The surgical pain is a little bit different. One has to understand that within a little less than 8 weeks after I had my ACDF, I had to have a total hip replacement. This meant I had to have another airway put down my throat, allthewhile healing from the neck surgery. This posed some interesting problems for me healing from the ACDF. It was four days after my ACDF hard brace came off that I found out I’d have to have a total hip replacement.
The hard brace, I’m not gonna sugar-coat, was the most unpleasant thing I’d experienced so far. We have a natural tendency to twist our head in a certain direction of sound, or to look down when we drop something. With the hard brace I tried to do all that but my chin was caught making it immobile. Each time I did this my jaw had extra pressure on it from trying to look a certain way. My teeth hurt a lot from that pressure. I was uncomfortable most of the time. The only relief I got was if I went to lay down or at night because I was able to wear a soft brace if I was laying down. But I knew it was only for six weeks. My back brace was on for four months, originally being told I’d have to wear it for six months.
I don’t know if it was a combination of being in the brace for six weeks and having to have another airway put down my throat, but the healing of my neck has been slow for me even though it’s only been four months. I just feel I should be further along than I am. It’s felt like someone is choking me, not enough not to breathe, but still choking me. What it really is, is the muscles they stretched to get to the area of the spine to fuse, relaxing. The right side of my face is still slightly puffy, but I’ve never had my jaw go completely out of place afterwards. I did have some clicking, but my doctor of PT gave me some mouth exercises to help with that. A few weeks of doing those and my jaw felt much better.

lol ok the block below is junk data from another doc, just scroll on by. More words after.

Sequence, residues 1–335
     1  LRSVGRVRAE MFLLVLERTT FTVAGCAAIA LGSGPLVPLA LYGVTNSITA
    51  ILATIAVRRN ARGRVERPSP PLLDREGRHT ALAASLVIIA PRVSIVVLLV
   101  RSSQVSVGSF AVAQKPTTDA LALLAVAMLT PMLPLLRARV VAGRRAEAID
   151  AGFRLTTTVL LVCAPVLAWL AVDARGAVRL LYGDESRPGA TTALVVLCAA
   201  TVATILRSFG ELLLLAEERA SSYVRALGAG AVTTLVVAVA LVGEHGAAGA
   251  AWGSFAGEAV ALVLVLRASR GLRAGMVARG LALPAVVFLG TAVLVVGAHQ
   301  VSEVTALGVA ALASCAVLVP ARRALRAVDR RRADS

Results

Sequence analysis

Early-on after surgery, I did have some real muscle tightness but as I did my physical therapy exercises, that subsided. I had a lot of breathing and swallowing issues right after my ACDF but it was my own darn fault. You see, I refused to take the steroids the doctor prescribed while in the hospital. It wasn’t until he was out of town five days later that I realized I was in trouble and had to call his PA, Joe to have a script called in. Joe said they’d take a couple of days to kick in but I should be OK. They did and I was, but not before it gave me a real scare! A really stupid move on my part! Hindsight is always 20/20!